(redirected from gelatins)
Also found in: Dictionary, Thesaurus, Medical.



animal jelly,

foodstuff obtained from connective tissue (found in hoofs, bones, tendons, ligaments, and cartilage) of vertebrate animals by the action of boiling water or dilute acid. It is largely composed of denatured collagencollagen
, any of a group of proteins found in skin, ligaments, tendons, bone and cartilage, and other connective tissue. Cells called fibroblasts form the various fibers in connective tissue in the body.
..... Click the link for more information.
, a protein particularly rich in the amino acids proline and hydroxyproline. The process of manufacture is a complex one that involves removing foreign substances, boiling the material (usually in distilled water in aluminum vessels to prevent contamination), and purifying it of all chemicals used in freeing the gelatin from the connective tissues. The final product in its purest form is brittle, transparent, colorless, tasteless, and odorless and has the distinguishing property of dissolving in hot water and congealing when cold. In contact with cold water it takes up from 5 to 10 times its own weight and swells to an elastic, transparent mass. Gelatin, being readily digested and absorbed, is a good food for children and invalids. It is important in fine cookery as a vehicle for other materials, in the form of jellied soups, molded meats and salads, and frozen desserts. Preparations of it are used in the home manufacture of jam, jellies, and preserves to ensure jellification of fruit juices. It is used in the drying and preserving of fruits and meats, in the glazing of coffee, and in the preparation of powdered milk and other powdered foods. Bakeries use it in making meringues, eclairs, and other delicacies. In confectionery making it is used as the basis of taffy, nougat, marshmallows, and fondant. Ice cream manufacture employs it to maintain a permanent emulsion of other ingredients and thus to give body to the finished product. In scientific processes gelatin is widely employed, being used in electrotyping, photography, waterproofing, and dyeing, and in coating microscopic slides. It is used as a culture medium for bacteriological research and also to make coatings for pills and capsules, for court plaster, and for some surgical dressings. It affords a base for ointments and pastes, such as toothpaste; it is an emulsifying agent useful in making liquid combinations and various sprays. In its less pure forms gelatin is known as glue and size. Vegetable gelatin, or agaragar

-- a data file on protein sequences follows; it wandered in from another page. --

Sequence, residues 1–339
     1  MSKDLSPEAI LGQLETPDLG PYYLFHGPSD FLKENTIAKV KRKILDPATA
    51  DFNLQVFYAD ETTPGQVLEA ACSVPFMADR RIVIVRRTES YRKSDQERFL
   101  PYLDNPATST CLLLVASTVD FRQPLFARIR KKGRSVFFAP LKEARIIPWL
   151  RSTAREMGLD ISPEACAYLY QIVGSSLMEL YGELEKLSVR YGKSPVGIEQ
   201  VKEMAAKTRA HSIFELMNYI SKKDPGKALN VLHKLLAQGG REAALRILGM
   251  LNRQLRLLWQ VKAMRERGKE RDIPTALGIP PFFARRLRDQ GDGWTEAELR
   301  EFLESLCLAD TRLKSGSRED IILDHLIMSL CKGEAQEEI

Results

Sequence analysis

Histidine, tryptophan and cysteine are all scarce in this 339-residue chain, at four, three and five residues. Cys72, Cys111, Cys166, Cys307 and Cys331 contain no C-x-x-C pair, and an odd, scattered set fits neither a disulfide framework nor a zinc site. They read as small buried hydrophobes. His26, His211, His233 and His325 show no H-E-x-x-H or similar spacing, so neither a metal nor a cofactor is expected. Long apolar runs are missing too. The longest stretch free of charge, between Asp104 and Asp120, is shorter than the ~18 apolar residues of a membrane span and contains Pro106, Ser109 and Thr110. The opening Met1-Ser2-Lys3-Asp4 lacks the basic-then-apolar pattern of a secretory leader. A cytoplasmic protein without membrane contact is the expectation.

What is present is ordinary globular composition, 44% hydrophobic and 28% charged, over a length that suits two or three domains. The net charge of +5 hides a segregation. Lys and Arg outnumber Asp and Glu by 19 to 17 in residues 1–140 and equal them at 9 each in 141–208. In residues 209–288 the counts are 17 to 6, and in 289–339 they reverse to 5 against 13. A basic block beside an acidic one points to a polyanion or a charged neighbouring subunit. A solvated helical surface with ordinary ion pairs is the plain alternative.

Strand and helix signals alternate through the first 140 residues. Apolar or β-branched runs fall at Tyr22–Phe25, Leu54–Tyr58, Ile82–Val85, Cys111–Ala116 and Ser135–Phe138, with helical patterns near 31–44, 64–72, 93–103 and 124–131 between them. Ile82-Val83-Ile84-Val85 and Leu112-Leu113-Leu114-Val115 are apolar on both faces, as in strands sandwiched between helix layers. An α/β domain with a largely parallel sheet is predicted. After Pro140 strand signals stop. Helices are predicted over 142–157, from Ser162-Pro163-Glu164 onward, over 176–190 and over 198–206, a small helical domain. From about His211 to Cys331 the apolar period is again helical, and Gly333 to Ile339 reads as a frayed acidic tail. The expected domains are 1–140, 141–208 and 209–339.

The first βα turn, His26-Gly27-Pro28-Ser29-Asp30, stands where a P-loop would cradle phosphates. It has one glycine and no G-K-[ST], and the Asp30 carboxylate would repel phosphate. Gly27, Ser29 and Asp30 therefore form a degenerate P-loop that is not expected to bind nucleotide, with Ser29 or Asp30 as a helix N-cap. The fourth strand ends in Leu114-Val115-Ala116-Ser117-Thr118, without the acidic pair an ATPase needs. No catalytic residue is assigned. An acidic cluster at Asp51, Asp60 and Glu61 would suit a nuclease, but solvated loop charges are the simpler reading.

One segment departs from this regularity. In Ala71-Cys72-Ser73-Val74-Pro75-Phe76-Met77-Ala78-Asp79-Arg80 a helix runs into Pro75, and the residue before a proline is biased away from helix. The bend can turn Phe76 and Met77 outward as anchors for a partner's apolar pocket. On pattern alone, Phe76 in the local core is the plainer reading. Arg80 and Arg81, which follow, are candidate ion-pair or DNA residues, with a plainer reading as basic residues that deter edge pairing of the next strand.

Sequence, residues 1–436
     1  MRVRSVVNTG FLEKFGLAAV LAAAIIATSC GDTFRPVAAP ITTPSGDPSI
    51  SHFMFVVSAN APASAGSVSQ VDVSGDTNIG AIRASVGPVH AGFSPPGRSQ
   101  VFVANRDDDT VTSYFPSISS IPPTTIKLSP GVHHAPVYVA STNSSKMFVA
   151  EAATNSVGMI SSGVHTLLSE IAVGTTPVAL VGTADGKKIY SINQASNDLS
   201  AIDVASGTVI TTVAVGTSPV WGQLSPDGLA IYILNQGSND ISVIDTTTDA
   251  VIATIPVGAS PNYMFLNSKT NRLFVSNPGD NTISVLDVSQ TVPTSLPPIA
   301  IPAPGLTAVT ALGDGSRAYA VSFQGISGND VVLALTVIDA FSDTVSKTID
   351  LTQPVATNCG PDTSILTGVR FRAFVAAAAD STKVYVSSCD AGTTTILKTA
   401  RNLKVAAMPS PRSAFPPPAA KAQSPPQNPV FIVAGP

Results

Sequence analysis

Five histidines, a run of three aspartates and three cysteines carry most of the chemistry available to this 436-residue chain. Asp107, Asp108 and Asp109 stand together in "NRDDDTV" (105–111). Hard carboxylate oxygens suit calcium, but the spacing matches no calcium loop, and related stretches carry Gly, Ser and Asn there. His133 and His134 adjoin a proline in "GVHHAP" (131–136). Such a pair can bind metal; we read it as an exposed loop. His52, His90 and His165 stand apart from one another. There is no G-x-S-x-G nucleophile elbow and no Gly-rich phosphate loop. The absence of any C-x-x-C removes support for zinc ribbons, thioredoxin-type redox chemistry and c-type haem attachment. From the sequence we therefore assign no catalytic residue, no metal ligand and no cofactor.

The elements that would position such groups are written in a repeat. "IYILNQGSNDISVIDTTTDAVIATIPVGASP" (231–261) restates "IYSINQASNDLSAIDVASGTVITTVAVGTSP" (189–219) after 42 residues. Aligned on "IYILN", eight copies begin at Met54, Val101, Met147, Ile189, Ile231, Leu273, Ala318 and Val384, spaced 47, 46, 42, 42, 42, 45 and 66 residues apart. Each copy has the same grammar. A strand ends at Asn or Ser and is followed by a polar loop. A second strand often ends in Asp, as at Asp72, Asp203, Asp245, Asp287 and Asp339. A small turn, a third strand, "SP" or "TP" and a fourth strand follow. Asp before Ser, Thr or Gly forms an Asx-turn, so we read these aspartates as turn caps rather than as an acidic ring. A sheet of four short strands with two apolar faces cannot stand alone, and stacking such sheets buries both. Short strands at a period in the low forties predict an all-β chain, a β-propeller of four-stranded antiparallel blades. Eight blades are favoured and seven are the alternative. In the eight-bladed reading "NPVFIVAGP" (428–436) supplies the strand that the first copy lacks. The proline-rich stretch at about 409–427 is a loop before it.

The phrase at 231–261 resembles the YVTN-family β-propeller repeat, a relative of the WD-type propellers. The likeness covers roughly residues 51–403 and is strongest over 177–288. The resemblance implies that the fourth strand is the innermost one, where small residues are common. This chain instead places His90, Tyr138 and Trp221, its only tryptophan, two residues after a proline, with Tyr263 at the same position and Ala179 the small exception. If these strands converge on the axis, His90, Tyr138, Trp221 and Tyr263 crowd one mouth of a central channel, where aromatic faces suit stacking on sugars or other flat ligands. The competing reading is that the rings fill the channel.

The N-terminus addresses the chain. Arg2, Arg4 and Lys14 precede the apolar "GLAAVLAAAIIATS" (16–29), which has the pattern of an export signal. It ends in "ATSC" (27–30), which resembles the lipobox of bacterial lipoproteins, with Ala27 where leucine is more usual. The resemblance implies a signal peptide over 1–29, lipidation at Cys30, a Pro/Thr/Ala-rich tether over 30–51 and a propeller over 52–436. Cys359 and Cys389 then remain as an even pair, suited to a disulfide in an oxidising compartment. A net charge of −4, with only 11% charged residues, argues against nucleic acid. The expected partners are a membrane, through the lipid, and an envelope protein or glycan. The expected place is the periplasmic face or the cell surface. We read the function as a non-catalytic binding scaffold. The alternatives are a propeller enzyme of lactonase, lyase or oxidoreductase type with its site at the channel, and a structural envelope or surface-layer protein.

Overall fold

, product obtained from several species of red algae, or seaweed, chiefly from the Ceylon, or Jaffna, moss (Gracilaria lichenoides) and species of Gelidium, harvested in eastern Asia and California.
..... Click the link for more information.
, is derived from East Indian seaweeds.



(gelatine), a mixture of protein substances of animal origin.

Gelatin is prepared from bones, tendons, and cartilage by prolonged boiling in water. In this process collagen, a component of connective tissue, becomes gluten. The resulting solution is evaporated, clarified, and chilled until it is converted to a gel, which is cut in pieces and dried. Gelatin is produced in sheet or powdered form. Finished dry gelatin is tasteless, odorless, transparent, and almost colorless or slightly yellow. It swells greatly in cold water and dilute acids, but does not dissolve. Upon heating, the swollen gelatin dissolves, forming a sticky solution that hardens to a gel. It is used in medicine and biology (as styptic or nutrient media), in pharmacy (the manufacture of capsules, suppositories, and so forth), in the food industry (production of gelatin, jelly, marmalade, and other confectionery products), in photography and cinematography (preparation of emulsions in the light-sensitive layer of cinema film, photographic paper, and X-ray film), and in industry (the sizing of high-grade paper; the manufacture of paper money, paints, artificial pearls, and other goods).


(organic chemistry)
A protein derived from the skin, white connective tissue, and bones of animals; used as a food and in photography, the plastics industry, metallurgy, and pharmaceuticals.


, gelatin
1. a colourless or yellowish water-soluble protein prepared by boiling animal hides and bones: used in foods, glue, photographic emulsions, etc.